Marlborough at Ramillies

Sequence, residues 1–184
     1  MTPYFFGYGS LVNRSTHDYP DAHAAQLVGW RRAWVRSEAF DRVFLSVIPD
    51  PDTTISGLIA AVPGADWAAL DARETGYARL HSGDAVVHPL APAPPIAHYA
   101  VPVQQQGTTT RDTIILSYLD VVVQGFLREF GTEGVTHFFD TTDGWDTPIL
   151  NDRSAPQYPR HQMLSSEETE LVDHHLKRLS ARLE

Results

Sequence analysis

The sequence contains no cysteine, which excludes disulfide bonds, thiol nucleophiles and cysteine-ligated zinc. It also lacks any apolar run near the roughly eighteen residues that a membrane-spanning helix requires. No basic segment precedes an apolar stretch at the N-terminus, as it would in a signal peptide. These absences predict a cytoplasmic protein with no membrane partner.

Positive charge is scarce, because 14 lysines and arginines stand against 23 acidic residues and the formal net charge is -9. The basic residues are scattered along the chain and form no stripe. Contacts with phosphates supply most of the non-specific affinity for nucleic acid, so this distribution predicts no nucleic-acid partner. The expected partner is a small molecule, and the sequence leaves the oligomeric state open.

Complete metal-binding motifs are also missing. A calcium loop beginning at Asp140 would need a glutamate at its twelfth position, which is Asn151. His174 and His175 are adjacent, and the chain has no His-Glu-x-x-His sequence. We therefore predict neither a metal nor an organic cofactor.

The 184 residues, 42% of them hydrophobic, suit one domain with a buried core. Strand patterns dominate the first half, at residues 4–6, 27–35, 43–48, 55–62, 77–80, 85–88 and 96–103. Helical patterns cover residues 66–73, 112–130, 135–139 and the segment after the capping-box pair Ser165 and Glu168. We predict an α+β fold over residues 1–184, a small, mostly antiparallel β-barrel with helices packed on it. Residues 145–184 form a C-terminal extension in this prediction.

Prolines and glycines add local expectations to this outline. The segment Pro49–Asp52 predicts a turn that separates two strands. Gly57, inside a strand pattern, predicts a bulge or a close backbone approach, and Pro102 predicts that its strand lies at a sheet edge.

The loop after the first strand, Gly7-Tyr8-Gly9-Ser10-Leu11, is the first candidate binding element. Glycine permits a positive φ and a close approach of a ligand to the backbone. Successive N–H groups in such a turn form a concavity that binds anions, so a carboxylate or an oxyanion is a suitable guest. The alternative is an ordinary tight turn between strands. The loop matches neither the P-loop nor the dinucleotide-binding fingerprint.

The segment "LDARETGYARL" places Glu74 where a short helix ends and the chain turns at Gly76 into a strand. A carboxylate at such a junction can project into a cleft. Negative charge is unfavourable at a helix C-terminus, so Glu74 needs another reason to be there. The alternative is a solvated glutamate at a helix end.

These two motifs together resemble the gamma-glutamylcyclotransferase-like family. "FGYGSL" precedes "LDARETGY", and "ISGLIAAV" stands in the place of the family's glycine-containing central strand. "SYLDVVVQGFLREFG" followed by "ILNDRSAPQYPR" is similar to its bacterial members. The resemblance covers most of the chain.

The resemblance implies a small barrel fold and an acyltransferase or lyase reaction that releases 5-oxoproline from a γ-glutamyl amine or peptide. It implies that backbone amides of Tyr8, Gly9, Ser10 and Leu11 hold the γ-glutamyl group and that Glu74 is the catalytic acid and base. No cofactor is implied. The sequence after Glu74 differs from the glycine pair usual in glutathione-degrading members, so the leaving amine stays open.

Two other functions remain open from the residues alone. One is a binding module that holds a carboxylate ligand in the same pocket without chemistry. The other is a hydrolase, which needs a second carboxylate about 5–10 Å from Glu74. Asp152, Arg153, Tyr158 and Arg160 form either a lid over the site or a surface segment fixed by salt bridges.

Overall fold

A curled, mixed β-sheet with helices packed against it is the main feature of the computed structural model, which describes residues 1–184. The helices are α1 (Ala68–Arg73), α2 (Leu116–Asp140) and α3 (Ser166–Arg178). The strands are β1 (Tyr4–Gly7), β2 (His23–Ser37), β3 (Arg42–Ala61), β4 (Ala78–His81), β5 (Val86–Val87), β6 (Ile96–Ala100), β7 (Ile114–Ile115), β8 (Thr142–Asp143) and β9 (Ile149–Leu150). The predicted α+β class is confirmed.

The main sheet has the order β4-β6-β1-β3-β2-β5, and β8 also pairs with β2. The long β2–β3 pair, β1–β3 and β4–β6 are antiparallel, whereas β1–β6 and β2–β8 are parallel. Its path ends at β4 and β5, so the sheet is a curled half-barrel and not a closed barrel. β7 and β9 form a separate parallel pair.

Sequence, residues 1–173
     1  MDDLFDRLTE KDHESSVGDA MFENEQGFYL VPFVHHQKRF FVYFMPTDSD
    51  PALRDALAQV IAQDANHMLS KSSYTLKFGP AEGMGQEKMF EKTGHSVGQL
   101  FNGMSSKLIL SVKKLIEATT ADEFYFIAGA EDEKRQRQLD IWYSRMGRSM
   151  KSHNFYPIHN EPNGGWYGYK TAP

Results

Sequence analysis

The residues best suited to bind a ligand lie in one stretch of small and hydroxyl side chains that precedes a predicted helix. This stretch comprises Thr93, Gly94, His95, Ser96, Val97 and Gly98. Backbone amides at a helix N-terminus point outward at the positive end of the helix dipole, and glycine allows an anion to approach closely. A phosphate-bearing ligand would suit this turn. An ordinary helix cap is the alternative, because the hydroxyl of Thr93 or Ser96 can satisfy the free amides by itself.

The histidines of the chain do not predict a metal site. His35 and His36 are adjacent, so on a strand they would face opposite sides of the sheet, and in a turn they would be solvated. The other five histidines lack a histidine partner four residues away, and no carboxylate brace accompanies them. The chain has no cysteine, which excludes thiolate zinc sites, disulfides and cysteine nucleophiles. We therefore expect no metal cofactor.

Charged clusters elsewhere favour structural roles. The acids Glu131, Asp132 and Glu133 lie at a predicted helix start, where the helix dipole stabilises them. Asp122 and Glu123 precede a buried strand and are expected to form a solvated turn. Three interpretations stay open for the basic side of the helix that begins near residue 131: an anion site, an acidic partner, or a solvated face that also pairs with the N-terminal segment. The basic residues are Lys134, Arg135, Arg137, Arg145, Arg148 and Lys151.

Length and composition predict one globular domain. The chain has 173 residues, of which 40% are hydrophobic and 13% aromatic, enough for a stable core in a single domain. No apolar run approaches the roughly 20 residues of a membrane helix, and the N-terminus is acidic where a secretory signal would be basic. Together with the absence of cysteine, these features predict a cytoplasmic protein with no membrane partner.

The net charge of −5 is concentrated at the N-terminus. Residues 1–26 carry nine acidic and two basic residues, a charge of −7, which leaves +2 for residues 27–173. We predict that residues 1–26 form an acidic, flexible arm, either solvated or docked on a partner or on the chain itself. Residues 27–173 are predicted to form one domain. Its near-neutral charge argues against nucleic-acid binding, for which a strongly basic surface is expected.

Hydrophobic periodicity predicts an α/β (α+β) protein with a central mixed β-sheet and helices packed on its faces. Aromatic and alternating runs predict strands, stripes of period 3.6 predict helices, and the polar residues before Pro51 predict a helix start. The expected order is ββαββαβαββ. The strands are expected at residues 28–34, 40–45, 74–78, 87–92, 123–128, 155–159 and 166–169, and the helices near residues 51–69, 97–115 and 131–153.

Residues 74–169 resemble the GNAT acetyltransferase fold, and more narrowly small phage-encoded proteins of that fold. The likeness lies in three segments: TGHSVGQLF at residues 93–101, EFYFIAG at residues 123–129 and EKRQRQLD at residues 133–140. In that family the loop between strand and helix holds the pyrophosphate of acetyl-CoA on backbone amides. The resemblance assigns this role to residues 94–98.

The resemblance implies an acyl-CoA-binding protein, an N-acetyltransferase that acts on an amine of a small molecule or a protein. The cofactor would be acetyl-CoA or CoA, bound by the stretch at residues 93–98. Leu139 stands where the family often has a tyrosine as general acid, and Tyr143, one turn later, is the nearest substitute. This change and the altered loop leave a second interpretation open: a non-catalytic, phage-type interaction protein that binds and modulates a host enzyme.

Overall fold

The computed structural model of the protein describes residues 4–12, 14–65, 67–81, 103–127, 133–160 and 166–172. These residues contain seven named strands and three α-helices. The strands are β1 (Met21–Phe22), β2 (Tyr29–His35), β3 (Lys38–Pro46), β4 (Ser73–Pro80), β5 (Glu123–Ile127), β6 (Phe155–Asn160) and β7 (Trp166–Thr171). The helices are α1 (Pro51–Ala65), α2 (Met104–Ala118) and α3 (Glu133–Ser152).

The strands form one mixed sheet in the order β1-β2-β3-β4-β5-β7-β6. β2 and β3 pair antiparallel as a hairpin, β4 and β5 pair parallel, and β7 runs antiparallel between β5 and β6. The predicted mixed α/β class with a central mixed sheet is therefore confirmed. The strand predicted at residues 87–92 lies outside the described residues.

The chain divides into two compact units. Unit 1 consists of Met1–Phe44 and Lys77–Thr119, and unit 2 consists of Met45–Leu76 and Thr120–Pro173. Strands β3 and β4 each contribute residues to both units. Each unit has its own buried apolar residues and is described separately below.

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Marlborough at Ramillies Marlborough at Ramillies Marlborough at Ramillies by 2LT John C. Flanagan SFC Booth AOB 10-94 Executive Summary John Churchill, the Duke of Marlborough, is undoubtedly one of the greatest military commanders ever. Even though he commanded his armies in the early eighteenth century, there are many things we can learn from him. One way to gain this knowledge is by examining the Duke's leadership at the battle of Ramillies through the Principles of War. Marlborough at Ramillies 1 The Age of Reason was "a time when the ordinary officer preferred anything to fighting, [but] Marlborough . . . preferred fighting to anything."1 John Churchill, the Duke of Marlborough, loved the battlefield and this coupled with his military genius enabled him to defeat the French on every confrontation. One of the best examples of the Duke's outstanding generalship is Ramillies. Even though the Allied and French forces were numerically equivalent, Marlborough's military dexterity and expertise allowed him to defeat Villeroy (also spelled Villeroi) at Ramillies.2 In order to argue this point, I will examine Marlborough in this battle at the tactical level by using the Principles of War. Europe was weary after the devastation of the Thirty Years' War. The European countries found that war was very costly--in both money and lives. "It was an era dominated by the negativeness of the defensive--conduct a siege, make a march, threaten a flank, but avoid the enemy army."3 Both Churchill and his wife Sarah were good friends of Queen Anne. The Queen allowed him to do whatever he thought necessary; therefore, he was not constrained with the ideals of the Age of Reason. Marlborough, along with Prince Francois Eugene of Savoy, stood out during the Age of Reason because of their "unusual opinions: that
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